Between 1966 and 1971, Jim Henson’s Muppets (or “Jim Newsom’s puppets,” as Ed once introduced them) featured 25 times on Sullivan’s show. Many of the sketches featured various Muppets being eaten by or devouring other Muppets, cross-dressing, psychological agony, and, in one of Henson’s favourite comedy genres, lip-synching to popular songs (even one of The Beatles’ more druggy compositions, Come Together).
The Muppets children’s entertainment or adult satire?
During this period, Henson and the Muppets were also working on commercials and industrial films. Intriguingly, IBM was one of his clients. The Muppets appeared in a number of IBM training and sales films about 1967. The first electric typewriters, word processors, and computers were introduced by IBM. In order to be adequately sold, these newfangled gadgets had to be explained to the general public and, perhaps more crucially, IBM’s own sales force. The Muppets worked as IBM sales people in some of the flicks. Was that meant to be kid-friendly? In 1967, what kid would have been on the IBM sales team? Sure, it’s true today, but it was never true in 1967. Henson and the Muppets got their big break in 1969 when they were cast in the groundbreaking children’s educational television programme Sesame Street. The Muppets, particularly Kermit the Frog, became household names as a result of the show.
Sesame Street was both a blessing and a curse for Jim Henson. It not only gave his creation recognition, but it also solidified the public’s and TV executives’ perceptions that the Muppets were solely children’s entertainment. Henson forged a deal with an all-new and unusual non-prime time TV series that had just made its debut, eager to break The Muppets out of the kids TV typecasting. Saturday Night Live was the name of the show. It made sense. Saturday Night Live was pioneering late-night television at the time. It was one of the first shows to make jokes about drugs, sexually liberated lifestyles, rock music, and other topics that had previously been mostly ignored by conventional television. The Land of Gorch, a series of ‘adult’ Muppet sketches – in other words, the polar opposite of Sesame Street – was the outcome. The Gorch drawings told the narrative of several ominous-looking legendary beings who lived on a distant world. The SNL Muppets’ design was more raw and powerful than anything else Henson had done before. Alcoholism, sex, and death were common topics in sketches. Overall, this is a significant shift for the Muppets. Unfortunately, the sketches for The Land of Gorch were a flop. Gorch was given out as a punishment or an initiation for new SNL scribes, and the skits were created by SNL, not Muppet writers. The sketches elicited mixed reactions from the audience. Here are Muppets in a childhood dream scenario, with voices that are similar to many of the Sesame Street Muppets, but they’re cracking the iconic 1970s SNL “I’m so stoned” jokes. Most of the time, they were too bewildered to laugh.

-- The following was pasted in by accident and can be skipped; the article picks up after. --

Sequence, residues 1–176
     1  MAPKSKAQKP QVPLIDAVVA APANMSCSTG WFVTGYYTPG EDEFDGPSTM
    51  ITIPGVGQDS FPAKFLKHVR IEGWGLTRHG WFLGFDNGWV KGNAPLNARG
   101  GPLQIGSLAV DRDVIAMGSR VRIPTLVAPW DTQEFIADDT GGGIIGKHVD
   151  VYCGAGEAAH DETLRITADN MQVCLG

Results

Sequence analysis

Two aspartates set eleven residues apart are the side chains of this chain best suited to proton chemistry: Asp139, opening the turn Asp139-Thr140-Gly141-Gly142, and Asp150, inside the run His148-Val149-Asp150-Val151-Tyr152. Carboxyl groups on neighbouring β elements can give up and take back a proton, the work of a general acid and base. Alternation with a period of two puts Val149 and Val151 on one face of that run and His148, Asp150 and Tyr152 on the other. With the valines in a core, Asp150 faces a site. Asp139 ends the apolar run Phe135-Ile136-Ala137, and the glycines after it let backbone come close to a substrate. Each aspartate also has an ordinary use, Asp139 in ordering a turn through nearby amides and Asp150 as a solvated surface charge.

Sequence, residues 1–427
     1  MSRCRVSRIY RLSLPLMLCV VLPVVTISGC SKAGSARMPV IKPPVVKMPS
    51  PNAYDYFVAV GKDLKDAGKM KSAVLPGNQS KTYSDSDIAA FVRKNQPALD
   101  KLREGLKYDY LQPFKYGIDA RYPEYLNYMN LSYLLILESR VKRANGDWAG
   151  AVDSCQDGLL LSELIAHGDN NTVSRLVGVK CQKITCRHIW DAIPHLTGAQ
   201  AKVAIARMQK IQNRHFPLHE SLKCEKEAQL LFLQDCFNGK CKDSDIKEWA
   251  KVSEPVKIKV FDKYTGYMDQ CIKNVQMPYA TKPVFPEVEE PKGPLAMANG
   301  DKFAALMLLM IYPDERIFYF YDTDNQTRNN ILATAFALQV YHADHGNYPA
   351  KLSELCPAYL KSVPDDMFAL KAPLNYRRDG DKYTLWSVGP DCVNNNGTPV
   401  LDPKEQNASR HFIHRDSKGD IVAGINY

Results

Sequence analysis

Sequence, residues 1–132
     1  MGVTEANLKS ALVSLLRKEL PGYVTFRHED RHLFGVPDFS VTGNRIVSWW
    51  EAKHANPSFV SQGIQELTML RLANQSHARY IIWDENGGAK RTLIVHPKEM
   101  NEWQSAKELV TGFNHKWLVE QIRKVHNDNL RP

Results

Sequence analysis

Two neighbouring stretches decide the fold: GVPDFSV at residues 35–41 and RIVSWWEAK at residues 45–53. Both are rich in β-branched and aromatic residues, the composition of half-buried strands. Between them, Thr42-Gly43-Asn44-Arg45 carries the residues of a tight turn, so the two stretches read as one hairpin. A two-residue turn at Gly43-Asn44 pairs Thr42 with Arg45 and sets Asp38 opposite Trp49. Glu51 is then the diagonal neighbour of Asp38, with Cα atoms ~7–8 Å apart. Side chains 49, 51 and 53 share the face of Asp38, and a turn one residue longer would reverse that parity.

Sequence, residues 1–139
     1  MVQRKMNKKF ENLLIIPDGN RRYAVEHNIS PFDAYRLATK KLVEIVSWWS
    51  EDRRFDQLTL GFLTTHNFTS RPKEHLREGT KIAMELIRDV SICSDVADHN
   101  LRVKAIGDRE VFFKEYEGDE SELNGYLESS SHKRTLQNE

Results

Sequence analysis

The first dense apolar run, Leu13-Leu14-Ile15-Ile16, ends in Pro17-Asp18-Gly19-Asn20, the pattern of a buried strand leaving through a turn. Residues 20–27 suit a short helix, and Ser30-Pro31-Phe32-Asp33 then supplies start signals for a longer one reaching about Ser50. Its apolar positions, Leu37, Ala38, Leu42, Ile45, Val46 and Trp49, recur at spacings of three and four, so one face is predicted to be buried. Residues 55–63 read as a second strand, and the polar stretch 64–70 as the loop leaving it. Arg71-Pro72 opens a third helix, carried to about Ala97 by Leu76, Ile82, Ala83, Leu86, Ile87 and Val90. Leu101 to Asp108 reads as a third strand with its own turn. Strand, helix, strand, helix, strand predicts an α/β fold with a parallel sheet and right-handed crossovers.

“I saw what he (Lorne Michaels) was aiming for and I really liked it and wanted to be a part of it,” Henson remarked years later, “but somehow what we were trying to do and what his writers could write for it never jelled….” I had the impression that they were creating standard sitcom material for us, which is uninteresting and bland… Yes, it never clicked with the authors with whom we were working, but I never lost faith in the project. “I’ve always admired their work.” Fortunately for Henson and the Muppets, Henson got the agreement for the now-legendary Muppet Show around this time. Henson finally pitched the idea of a Muppets TV show to the British broadcaster, ITV, after failing to persuade any of the US networks that the Muppets were not merely for kids. The programmes would be produced in the United Kingdom and syndicated worldwide.
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